1989 Chevy Camaro cold hard start

Tiny
GARY W SWANSON
  • MEMBER
  • 1989 CHEVROLET CAMARO
  • V8
  • 2WD
  • AUTOMATIC
  • 110,000 MILES
After finally starting, engine will "hunt" between 500 &
750 RPMs until it achieves normal operating temperature. Always starts fine when warm, even after
6-7 hours. Runs beautiful when warm. Fuel pressure gauge shows 40-44 lbs at first, then slowly drops to 0
within about one-half hour. Pulled vacuum hose off fuel
pressure regulator, no sign of gas. Crimped fuel return
hose, pressure dropped as before. Checked resistance
of each injector, all were between 16.0 & 17.0 ohms.
Must be a leaking injector(s), but how to diagnose which? Thank you.
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Saturday, August 21st, 2010 AT 8:59 PM

9 Replies

Tiny
JACOBANDNICKOLAS
  • EXPERT
Have you removed the injectors to see if there is any visable sign of a leak? Also, if there is no leak there, there is a check valve in the fuel pump that could be bad.
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Saturday, August 21st, 2010 AT 9:48 PM
Tiny
GARY W SWANSON
  • MEMBER
No, I have not removed the injectors. How do I go
about that? Please supply step-by-step instructions.
I don't see how the problem could be attributable to
the check valve in the fuel pump, since I described in
my original description of the problem that I had
crimped the fuel return hose, with the result that the
fuel pressure dropped as it had before. Please explain
what further tests I could perform to either rule out
the check valve or that would prove that it is the
check valve. Thank you.
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Sunday, August 22nd, 2010 AT 9:32 AM
Tiny
JACOBANDNICKOLAS
  • EXPERT
If you pinched off the hose coming from the pump and it still lost pressure, it's either a leaking injector or the regulator is bad.

As far as the injectors, on the V8, first disconnect the battery. Unbolt the fuel rail retaining bolts and injectors will come off with it. If you need to remove the injectors from the rail, there is a retaining clip. Just rotate it to the unlock position. NOTE: There are rubber O-rings on the injectors. Make sure not to damage them or you will create a new leak.

Let me know what you find. If you haven't checked the regulator yet, do that before going through removing the rails.

Here is a picture of the injectors and fuel rails. The V8 set up is on the right. Let me know if it helps.


http://www.2carpros.com/forum/automotive_pictures/249084_5_53.jpg



Joe
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Sunday, August 22nd, 2010 AT 10:19 PM
Tiny
GARY W SWANSON
  • MEMBER
In my original question, I stated that I pulled the vacuum hose on the regulator and found no sign of fuel. Is there any other way to check the regulator?
If not, then I'll pull the plenum, runners, and finally the fuel rail. How do I identify the injector(s) that is
leaking? (By the time I get all those parts off, any
remaining fuel will have evaporated, won't it?). I am
not a mechanic, and I must proceed slowly because I
have never done this before. Also, my time to spend
on this repair is limited, so it will take some time to pull those parts off.
When I lift the fuel rail off, will the injectors come with the rail? And where will the o-rings be - on the injectors or left on the engine? Also, are there o-rings on the top of each injector? Thanks.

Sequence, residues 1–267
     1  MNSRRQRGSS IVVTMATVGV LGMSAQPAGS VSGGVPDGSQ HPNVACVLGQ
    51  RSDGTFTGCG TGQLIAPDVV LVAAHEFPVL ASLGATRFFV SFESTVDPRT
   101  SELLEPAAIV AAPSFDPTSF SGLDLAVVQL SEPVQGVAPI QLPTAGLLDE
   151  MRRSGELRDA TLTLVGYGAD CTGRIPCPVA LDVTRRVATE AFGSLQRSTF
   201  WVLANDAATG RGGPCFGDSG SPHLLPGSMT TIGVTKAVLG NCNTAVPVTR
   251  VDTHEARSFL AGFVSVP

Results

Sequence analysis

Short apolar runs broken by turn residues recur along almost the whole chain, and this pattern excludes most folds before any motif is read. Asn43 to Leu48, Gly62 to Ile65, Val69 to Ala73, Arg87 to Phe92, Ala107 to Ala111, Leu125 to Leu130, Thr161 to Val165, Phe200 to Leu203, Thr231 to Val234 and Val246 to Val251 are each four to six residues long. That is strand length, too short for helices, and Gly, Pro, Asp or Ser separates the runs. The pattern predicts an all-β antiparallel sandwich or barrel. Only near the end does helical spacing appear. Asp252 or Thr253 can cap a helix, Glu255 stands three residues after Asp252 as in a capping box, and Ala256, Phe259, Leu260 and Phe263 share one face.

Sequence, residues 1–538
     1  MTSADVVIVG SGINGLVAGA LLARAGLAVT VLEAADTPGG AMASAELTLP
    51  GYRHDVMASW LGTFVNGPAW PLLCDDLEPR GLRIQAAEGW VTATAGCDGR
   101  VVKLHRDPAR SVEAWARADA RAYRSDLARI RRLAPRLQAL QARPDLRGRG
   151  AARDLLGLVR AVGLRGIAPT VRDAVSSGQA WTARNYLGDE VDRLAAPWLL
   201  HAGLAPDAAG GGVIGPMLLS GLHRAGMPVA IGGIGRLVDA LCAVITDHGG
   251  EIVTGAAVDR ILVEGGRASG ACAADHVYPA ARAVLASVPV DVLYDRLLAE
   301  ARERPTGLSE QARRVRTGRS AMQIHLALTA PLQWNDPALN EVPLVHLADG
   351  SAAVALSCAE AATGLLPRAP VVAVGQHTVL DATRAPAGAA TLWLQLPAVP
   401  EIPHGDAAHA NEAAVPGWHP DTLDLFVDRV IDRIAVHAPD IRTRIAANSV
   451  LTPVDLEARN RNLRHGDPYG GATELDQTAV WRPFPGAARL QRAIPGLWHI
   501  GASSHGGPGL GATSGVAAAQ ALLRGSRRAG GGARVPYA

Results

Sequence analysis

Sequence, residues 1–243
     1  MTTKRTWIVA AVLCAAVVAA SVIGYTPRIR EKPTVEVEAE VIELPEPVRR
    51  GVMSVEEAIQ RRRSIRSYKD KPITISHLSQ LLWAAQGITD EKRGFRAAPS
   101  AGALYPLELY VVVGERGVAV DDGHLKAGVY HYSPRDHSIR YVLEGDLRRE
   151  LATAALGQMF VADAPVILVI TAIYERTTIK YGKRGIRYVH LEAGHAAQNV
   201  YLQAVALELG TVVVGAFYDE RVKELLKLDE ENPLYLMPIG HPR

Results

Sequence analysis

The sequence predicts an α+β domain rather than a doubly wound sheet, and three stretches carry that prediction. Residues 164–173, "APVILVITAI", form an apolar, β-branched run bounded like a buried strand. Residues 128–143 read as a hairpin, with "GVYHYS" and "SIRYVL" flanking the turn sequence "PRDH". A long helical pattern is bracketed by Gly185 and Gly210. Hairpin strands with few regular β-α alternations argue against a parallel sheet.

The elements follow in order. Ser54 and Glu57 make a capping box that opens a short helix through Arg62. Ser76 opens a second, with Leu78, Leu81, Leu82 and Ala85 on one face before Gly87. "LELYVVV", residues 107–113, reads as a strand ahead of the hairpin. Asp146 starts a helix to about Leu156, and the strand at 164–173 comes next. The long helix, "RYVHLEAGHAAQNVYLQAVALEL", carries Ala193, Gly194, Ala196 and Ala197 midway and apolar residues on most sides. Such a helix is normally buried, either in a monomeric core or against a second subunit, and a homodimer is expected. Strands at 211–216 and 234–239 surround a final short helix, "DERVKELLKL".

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Sunday, August 22nd, 2010 AT 10:48 PM
Tiny
JACOBANDNICKOLAS
  • EXPERT
Yes the injectors will be on the rail and the o-rings will be at the base of the injector. Once off, turn the key to the run position so the fuel pump builds pressure and check for any of them leaking.

As far as the regulator, you can check if it is bad. When checking fuel pump pressure, remove the vacuum hose and the pressure should increase around 5 to 10 psi.
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Sunday, August 22nd, 2010 AT 11:55 PM
Tiny
GARY W SWANSON
  • MEMBER
Thank you. Now, when I pull the fuel rail, and turn the ignition key to "on", if an injector leaks fuel, do I replace the injector, the o-ring, or both? If just one injector is leaking, do I replace the other 7 O-rings too? And what about the injector connection to the fuel rail - is there an o-ring there for each injector also? I suppose if one of those were leaking, there would have been visible fuel
spraying into the air. Since that does not appear to
be the case, do you think I must replace all those o-rings also? Additionally, do you think all injectors should be replaced, even if just one is leaking? It appears that to remove the plenum, runners, and fuel rail is a lot of work for one leaking injector. How
much does one injector cost? If I replace just the one leaking injector, with 110,000 miles on the engine, how likely would it be that another would
start leaking soon after? Thank you, Gary Swanson
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Monday, August 23rd, 2010 AT 10:58 PM
Tiny
JACOBANDNICKOLAS
  • EXPERT
If the O-rings are in good condition, they should be fine. Also, if there is one leaking, only replace it. The others should last for a long time.
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Tuesday, August 24th, 2010 AT 12:26 AM
Tiny
GARY W SWANSON
  • MEMBER
All right, I think I am near the end of my questions.
Assuming I find one leaking injector, should that be
replaced with an OEM injector, or are there aftermarket
injectors that are an improvement that would be a better choice? Thanks, Gary Swanson
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Tuesday, August 24th, 2010 AT 9:26 AM
Tiny
JACOBANDNICKOLAS
  • EXPERT
I would recommend staying with OEM parts. Many aftermarket ones are imported and not that great.
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Tuesday, August 24th, 2010 AT 9:33 PM

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